The first half of the NCAA men’s basketball tournament’s octofinals is tonight. Marquette-Miami. Arizona-Ohio State. Syracuse-Indiana. La Salle-Wichita State. Tournament darlings Florida Gulf Coast don’t play until tomorrow, but the number of profiles of their team already is growing at an exponential rate. I’ve criticized Jonathan Mahler before, but his latest for the still-mysterious Bloomberg View is fun:
If you’re wondering how Florida Gulf Coast University became the first 15th seed in the history of the NCAA men’s basketball tournament to advance to the Sweet 16, look no further than the ur-text of the school’s economics department: “Atlas Shrugged.”
Embedded in this long, ponderous novel — required reading for all undergraduate economics and finance majors at FGCU — is the formula for transforming your college from a bunch of trailers on a swamp into the most talked-about school in the country. It’s simple, really. All you need to do is practice what Ayn Rand called “rational self-interest.”
Don’t waste your time wooing Nobel laureates to your faculty or trying to recruit National Merit Scholars to a college they’ve never heard of. Do what any self-respecting entrepreneur would do: Devote your resources to building a first-class Division I basketball program.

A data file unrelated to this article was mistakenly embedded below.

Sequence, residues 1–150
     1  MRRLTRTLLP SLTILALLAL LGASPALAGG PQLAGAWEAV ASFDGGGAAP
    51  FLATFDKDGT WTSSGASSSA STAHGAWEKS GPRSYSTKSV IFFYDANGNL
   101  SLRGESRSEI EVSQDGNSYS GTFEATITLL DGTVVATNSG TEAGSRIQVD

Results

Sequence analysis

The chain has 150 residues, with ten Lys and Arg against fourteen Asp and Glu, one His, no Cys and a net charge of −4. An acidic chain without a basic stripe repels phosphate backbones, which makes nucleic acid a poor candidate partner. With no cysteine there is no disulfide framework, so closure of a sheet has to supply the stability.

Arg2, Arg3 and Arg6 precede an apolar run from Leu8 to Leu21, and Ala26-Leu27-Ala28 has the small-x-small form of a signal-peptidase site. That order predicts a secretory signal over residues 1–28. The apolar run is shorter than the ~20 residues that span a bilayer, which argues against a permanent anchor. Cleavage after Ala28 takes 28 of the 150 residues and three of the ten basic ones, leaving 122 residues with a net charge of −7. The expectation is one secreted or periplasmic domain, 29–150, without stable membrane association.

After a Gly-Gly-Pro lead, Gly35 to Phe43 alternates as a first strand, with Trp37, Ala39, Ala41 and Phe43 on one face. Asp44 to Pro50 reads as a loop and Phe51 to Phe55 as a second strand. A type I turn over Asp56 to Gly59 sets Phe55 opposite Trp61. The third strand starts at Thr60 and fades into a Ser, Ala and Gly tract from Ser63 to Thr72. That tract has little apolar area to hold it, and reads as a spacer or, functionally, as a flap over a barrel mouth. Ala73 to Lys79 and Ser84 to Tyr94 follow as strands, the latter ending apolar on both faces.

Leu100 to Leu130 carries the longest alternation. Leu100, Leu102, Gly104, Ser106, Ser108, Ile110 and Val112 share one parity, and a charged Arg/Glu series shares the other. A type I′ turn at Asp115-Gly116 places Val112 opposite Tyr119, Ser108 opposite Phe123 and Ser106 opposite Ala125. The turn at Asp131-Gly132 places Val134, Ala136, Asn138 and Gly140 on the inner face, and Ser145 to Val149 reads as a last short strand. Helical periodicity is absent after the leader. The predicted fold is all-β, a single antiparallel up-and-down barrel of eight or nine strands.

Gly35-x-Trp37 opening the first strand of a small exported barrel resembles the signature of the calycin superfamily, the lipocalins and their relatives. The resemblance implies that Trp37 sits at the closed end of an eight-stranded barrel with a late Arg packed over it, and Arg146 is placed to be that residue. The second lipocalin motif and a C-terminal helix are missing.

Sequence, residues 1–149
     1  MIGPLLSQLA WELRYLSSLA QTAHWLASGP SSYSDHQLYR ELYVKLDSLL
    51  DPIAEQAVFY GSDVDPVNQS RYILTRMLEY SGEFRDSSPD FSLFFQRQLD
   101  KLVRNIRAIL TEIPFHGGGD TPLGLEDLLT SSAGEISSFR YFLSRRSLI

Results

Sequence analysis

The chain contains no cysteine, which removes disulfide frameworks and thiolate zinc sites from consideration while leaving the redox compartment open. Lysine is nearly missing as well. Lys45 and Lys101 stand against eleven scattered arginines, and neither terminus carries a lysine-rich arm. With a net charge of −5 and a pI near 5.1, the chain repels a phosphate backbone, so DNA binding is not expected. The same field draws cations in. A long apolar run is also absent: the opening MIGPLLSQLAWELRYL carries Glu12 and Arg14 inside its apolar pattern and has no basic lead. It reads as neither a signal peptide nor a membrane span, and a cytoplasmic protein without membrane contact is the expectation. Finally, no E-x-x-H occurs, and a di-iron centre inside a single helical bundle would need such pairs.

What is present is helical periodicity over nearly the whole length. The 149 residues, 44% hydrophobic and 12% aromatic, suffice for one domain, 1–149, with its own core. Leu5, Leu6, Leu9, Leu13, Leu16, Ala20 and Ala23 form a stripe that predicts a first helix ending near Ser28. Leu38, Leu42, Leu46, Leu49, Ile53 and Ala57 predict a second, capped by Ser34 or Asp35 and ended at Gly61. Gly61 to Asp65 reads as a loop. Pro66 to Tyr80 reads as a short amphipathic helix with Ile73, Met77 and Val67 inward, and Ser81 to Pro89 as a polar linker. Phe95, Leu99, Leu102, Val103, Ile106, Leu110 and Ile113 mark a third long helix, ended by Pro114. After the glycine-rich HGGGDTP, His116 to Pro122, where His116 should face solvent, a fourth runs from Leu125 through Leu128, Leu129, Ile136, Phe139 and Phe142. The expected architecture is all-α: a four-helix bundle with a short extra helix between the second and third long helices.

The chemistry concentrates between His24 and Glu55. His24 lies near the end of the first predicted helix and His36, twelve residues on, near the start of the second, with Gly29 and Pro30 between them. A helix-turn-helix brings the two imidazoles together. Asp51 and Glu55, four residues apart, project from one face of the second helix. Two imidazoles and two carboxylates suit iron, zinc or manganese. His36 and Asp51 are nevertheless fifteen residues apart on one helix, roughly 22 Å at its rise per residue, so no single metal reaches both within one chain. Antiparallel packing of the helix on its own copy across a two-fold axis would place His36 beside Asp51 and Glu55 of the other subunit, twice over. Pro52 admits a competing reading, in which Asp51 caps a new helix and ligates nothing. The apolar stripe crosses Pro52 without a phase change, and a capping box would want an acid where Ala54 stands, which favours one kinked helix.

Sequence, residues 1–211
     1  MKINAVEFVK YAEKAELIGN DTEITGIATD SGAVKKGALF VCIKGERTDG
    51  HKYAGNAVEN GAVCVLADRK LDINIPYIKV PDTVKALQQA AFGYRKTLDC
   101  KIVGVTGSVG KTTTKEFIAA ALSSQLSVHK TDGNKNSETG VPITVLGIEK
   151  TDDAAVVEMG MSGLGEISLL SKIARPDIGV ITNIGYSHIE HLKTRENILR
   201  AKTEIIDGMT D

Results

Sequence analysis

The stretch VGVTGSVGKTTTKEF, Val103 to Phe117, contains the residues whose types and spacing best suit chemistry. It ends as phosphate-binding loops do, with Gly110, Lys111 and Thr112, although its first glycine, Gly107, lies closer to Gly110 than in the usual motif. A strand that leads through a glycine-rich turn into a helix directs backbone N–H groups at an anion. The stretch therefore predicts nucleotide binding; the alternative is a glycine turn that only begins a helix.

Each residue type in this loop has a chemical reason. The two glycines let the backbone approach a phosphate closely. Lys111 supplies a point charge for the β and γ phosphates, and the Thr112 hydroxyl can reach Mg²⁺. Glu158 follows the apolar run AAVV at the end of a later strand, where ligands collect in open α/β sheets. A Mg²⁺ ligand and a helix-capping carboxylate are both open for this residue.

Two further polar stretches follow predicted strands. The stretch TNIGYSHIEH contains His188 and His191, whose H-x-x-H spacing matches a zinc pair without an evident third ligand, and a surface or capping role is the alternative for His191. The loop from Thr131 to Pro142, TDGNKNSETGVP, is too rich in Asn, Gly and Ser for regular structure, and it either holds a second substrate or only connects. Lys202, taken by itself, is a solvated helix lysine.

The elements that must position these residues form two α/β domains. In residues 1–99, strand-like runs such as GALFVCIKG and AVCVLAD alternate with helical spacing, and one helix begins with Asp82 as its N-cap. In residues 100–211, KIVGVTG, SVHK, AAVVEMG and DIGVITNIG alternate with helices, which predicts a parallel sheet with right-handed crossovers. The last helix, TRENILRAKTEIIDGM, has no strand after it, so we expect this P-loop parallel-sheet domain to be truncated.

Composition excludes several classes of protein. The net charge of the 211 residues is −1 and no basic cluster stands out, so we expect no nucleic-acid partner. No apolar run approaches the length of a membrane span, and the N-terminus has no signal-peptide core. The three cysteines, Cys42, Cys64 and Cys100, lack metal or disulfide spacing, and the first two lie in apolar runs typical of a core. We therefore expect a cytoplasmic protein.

It’s not going to happen overnight, but FGCU pulled it off pretty quickly. It might have happened sooner, were it not for that great bane of Rand and her acolytes: regulators. The Eagles basketball program started in the National Association of Intercollegiate Athletics and had to apply more than once before being accepted into the National Collegiate Athletic Association — at the Division II level. Even after being granted permission to move up to Division I, the team had to wait three years before becoming eligible for postseason play.
Read the rest here.
Can the FGCU Eagles drive their freedom train into the next round? Tune in tomorrow night to find out.